This indulgent daydreaming phase now dominating, my initial fantasies had the flavor of excitement. But, as the days went by—and no word back from the potential new landlady about whether or not she was going to accept our application–excitement quickly slid into worry and anxiousness…

WHAT IF SHE DIDN’T LIKE US? I KNEW I SHOULD’VE SPENT MORE TIME TALKING WITH HER….WHAT IF WE DON’T MAKE ENOUGH MONEY? WHAT IF SHE DOESN’T WANT A TENANT WITH A KID–OR CATS?…  SOMEONE MORE QUALIFIED APPLIED FOR THE HOUSE–AND SHE’S GOING TO GIVE IT TO THEM… IS ANYTHING EVER GOING TO WORK OUT THE WAY I WANT IT TO?!… I WANT THAT PLACE SO BADLY! I WANT TO FEEL SETTLED! I CAN’T STAND NOT KNOWING WHAT’S GOING TO HAPPEN!!…

Over the next week, I continued to catch myself going down these dead-end roads—trying to soothe myself with lots of deep breaths, loving kindness, and Jack Kornfield’s “Don’t Know Mind” practice. I cried. I exercised. I redirected. Constantly. I noticed how much I craved junk food and bottomless glasses of wine…

Every hour of every day for the world’s longest week, I battled with accepting the unknown. Sitting with uncertainty. My soul quaked. My insides trembled. I knew everything was going to be OK if we didn’t get the house. But I couldn’t completely let go and trust it’d all work out for the best. It was  nothing but…

WHAT IF WHAT IF… WHAT IF?!

Then, finally, a week and one day after we submitted our application, Kate’s cell rang.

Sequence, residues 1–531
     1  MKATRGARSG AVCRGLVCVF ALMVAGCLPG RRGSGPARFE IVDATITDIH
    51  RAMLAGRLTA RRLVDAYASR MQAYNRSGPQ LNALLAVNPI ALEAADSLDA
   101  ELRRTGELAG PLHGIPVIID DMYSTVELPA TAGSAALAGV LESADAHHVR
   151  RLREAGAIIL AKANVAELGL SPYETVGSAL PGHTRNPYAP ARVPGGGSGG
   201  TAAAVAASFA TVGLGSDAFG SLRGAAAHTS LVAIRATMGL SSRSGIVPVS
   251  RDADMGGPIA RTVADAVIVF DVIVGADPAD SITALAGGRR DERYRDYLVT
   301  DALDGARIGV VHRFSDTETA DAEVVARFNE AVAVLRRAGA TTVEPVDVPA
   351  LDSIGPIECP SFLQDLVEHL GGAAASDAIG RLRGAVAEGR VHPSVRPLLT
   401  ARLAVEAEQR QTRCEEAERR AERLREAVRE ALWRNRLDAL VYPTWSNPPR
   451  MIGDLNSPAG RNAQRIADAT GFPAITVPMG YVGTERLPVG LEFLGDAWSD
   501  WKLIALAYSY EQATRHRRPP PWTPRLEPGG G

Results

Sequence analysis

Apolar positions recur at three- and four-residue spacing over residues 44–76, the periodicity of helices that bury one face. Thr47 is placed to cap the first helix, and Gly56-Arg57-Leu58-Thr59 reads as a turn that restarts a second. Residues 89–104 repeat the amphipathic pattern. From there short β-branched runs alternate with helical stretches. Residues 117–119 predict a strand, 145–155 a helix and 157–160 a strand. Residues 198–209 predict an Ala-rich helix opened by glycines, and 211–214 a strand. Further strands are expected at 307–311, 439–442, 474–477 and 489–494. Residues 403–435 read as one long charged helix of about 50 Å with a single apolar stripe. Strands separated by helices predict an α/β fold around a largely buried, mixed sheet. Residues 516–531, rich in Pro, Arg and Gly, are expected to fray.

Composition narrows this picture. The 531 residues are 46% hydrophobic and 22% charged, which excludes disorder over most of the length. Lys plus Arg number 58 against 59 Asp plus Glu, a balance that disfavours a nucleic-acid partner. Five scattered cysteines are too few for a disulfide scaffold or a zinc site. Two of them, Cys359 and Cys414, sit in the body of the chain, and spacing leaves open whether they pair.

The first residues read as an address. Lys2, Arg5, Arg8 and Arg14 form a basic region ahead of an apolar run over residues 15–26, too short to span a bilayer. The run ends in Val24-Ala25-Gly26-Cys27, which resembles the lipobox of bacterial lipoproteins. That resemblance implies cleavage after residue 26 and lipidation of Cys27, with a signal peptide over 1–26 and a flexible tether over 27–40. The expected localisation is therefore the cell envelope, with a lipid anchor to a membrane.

“It’s the woman about the house!…”

She sat down, took a deep breath and answered…

“Hello—yes, this is Kate….”

I sat next to her, holding my breath—my eyes reading every nano-centimeter of her face. The moment felt interminable.

Then her eyes widened—the slight curl of her lips…

“Wonderful! We’d would love to take it, yes! Thank you so much…”

A deep breath.

Gratitude.

Relief.

In an instant, my mind relaxed like a cramped muscle finally letting go. All the anxiety of uncertainty vanished—all the angst. Gone.

Excitement and joy pervade.

But, only for another day or two… And then it’s back to noticing how Aversion and Attachment start playing tug-of-war with my attention, once again.

It all feels much more manageable now, though—far less whiplashy.

Because noticing when I’m caught in the throes of Aversion and Attachment is half the solution to finding the balance between them…